Consider the following passage from a New York Times story on restaurant noise:
Noise in local restaurants is becoming an increasingly annoying aspect of dining out, and complaints on that score are frequent and abundant. The two main factors contributing to the deafening, headsplitting cacophony in so many New York restaurants are the high price of real estate and the design trend toward interiors lined with metal ceilings, bare floors and glass and mirrored wall panels.
Looking at that, one might be forgiven for thinking that the story was written in the last few years. Of course, it actually comes from a story that legendary food writer Mimi Sheraton published way back in February 1981, wherein the then-critic also draws this conclusion: “Restaurateurs should be less greedy, allow more space between tables and settle for lower profits.”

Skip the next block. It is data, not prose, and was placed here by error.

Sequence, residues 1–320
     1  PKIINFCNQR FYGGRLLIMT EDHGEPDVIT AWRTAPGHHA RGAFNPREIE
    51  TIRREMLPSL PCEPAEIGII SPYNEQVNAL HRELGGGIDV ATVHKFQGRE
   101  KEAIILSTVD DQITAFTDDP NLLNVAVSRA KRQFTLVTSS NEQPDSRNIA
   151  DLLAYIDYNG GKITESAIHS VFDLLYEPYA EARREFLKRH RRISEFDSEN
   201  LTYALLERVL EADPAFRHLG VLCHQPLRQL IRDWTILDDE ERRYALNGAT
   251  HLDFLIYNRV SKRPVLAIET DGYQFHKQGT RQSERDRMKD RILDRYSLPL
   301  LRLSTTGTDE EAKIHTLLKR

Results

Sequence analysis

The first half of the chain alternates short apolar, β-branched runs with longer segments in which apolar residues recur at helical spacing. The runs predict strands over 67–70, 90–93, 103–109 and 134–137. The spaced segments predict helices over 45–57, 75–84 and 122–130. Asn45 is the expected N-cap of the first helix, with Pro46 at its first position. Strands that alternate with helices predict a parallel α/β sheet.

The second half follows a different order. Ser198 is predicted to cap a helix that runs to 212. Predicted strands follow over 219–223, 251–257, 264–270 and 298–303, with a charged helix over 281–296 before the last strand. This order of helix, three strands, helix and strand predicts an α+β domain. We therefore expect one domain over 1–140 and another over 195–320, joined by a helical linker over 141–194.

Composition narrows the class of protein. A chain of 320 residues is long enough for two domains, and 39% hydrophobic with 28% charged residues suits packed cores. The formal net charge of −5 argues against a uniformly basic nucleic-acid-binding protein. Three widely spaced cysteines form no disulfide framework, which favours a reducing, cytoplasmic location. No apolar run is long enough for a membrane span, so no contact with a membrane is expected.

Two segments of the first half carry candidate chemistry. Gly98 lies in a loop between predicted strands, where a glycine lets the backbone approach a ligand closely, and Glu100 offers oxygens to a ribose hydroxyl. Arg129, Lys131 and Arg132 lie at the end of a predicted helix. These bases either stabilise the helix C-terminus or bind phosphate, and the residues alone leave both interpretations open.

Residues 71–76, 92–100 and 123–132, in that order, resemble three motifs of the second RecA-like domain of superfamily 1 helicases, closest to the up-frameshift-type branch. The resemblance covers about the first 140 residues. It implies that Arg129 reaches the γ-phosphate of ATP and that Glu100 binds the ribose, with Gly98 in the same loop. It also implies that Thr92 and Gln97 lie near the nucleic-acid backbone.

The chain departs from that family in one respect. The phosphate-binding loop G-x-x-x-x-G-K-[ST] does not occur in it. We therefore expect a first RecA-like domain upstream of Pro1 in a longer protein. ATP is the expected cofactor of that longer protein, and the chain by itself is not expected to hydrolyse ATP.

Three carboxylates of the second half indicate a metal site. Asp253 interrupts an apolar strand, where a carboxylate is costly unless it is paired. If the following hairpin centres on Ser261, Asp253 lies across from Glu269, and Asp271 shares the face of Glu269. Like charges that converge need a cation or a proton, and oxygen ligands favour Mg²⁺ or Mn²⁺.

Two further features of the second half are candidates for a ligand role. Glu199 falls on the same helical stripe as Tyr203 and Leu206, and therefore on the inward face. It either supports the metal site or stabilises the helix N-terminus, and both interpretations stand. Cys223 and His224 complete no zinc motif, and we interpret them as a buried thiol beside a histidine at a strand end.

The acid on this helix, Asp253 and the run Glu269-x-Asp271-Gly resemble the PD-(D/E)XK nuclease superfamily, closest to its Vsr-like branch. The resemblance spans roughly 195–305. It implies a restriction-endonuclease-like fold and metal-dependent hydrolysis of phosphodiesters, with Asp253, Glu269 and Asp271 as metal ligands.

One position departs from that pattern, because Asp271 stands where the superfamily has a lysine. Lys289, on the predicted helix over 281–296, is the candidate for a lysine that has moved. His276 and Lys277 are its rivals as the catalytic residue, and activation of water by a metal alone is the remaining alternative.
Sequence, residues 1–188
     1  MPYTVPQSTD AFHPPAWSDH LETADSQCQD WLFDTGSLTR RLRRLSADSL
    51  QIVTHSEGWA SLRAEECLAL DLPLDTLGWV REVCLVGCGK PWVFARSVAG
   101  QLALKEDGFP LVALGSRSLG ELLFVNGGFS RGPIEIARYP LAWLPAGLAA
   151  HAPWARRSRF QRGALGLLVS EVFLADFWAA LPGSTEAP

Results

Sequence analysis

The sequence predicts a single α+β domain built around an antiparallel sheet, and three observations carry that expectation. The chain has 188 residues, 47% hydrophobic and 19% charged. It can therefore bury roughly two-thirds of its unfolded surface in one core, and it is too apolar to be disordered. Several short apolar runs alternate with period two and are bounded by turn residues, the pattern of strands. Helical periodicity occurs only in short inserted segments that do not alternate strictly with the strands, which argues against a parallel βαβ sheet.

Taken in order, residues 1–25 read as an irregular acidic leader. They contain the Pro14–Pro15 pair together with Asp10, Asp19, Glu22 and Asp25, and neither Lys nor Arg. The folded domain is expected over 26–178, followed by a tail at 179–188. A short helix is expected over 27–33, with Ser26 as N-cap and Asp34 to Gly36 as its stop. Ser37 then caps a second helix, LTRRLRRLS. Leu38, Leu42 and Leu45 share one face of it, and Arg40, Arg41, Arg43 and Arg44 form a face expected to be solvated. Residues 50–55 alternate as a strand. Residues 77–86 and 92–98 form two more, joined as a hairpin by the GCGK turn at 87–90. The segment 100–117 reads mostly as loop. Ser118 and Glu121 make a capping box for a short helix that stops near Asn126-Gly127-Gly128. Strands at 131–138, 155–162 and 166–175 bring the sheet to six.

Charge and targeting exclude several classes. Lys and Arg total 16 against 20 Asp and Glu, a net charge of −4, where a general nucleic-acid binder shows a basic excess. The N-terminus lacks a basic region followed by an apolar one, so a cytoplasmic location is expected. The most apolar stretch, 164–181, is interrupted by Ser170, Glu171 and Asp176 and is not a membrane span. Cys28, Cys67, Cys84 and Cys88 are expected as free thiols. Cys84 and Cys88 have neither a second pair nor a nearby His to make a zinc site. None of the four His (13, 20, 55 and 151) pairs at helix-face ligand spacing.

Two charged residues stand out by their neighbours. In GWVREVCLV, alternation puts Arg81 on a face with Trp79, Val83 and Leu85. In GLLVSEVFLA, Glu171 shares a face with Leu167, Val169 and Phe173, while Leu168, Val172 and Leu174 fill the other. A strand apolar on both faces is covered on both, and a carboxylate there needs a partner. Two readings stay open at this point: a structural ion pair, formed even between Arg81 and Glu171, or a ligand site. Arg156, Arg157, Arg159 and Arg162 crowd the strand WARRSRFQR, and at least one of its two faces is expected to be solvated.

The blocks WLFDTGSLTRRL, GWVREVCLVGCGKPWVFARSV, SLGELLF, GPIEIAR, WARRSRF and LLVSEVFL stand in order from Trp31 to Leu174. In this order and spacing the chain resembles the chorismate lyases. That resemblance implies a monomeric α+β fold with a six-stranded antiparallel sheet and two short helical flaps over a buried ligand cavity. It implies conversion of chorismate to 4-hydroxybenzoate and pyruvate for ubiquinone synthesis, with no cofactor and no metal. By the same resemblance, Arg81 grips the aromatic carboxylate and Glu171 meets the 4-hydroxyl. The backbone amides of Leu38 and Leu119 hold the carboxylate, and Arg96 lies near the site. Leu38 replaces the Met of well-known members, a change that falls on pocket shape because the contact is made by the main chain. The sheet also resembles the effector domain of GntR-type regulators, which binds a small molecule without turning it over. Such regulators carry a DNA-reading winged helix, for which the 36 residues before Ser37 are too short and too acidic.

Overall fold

Those complaints still sound familiar, and it seems people have been frustrated for decades by many of the same aspects of dining out: high prices, too-small portions, chefs that prioritize innovation and table-turning over diner comfort, and — of course — the ever-present issue of noise.
Then again, comparing a restaurant like Andre Soltner’s legendary Lutèce, often considered among the most important restaurants in New York during the ‘60s and ‘70s, to the city’s current collection of industry leaders — the Spotted Pig, Wildair, any of the Momofukus — it’s quite obvious that maybe the dining scene has changed quite a bit.
Earlier this week, Grub editor Alan Sytsma, Sheraton, and New York critic Adam Platt convened at Via Carota to delve into that very topic (and a plate of fried calamari), touching on just how difficult it is to run a restaurant now — spoiler: very — as well as the role of the restaurant critic, and why so many of them hate the damn star system. Listen via iTunes, or just hit play below: